Adam
    If they are only 70-85% reflective where is the loss? I would expect loss on a normal mirror due to the reflection off the glass and also the refraction through it.
    The light cannot penetrate the surface and I wouldn't expect it to heat up as it should really be very reflective (the same as a 1st surface mirror).

    Jim
    Last edited by JimBo; 09-25-2007 at 11:22.

  8. #8
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    Cool

    where is the loss?
    The surface of the metal. That's why mirrors have glass on the front. It protects the smooth reflective surface. If you have a bare surface, it will rapidly pit and degrade. (No, this damage won't be visible to your eye, but it will be enough to screw up your optical surface.) Even austenitic stainles steel is not immune to this pitting. Sure, it might look good enough to allow you to see your reflection, but even a 50% reflective mirror will do that. To get really high reflection values, you need to protect that surface.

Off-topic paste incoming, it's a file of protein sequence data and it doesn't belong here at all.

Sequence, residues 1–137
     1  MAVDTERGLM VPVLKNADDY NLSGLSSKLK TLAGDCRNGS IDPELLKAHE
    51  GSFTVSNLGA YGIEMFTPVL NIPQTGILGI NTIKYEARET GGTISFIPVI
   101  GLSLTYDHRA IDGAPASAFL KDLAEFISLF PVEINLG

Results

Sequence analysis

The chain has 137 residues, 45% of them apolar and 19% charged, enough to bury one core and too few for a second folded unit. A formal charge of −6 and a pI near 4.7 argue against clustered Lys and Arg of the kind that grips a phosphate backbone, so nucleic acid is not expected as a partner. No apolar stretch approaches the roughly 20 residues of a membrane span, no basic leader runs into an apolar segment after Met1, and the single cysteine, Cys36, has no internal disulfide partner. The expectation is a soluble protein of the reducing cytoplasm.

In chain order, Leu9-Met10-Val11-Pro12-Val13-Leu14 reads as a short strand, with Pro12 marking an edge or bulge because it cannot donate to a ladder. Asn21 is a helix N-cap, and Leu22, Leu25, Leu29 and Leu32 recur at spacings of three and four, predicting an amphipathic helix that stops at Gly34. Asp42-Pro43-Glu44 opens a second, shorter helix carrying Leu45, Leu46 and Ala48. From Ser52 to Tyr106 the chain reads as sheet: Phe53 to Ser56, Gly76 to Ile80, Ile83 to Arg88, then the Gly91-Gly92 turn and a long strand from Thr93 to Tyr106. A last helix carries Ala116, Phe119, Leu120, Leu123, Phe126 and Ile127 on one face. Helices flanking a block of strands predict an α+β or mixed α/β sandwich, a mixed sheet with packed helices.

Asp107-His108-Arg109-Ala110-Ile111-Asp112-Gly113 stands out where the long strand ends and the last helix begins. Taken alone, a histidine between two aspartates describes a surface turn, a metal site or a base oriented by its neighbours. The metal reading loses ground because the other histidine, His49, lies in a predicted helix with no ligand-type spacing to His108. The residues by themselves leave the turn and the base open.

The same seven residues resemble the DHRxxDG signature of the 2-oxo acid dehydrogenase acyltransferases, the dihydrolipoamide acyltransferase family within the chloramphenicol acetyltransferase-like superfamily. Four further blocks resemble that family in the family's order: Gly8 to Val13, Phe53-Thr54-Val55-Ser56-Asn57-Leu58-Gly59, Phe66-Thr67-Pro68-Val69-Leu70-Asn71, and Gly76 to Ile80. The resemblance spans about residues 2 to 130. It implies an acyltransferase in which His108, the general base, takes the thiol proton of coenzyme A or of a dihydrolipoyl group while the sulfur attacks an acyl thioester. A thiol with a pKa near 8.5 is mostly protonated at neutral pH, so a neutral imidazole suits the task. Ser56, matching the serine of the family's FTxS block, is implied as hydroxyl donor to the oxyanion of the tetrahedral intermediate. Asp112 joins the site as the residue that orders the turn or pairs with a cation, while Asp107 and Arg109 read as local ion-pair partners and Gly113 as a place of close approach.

Here's an example where a group wanted to build a solar collector. They decided to use polished galvanized steel sheets as the mirror surface, protected by a 1 mm thick glass laminate. Even so, the best they could get is 83% efficiency. (Scroll to the bottom of the .pdf and look at the table to see the mirror efficiency.)

    Bottom line: Polished metal mirrors need a coating in front of them to protect the surface. Glass works, and it's cheap, but you get losses. Thin films are better, but they're more expensive. Dielectric first-surface mirrors are much more efficient, and are also far less suceptible to casual environmental damage, but they're quite expensive. (Note that they're not going to hold up in a hailstorm, but they'll last nearly forever in an indoor environment with proper cleaning.)

    Adam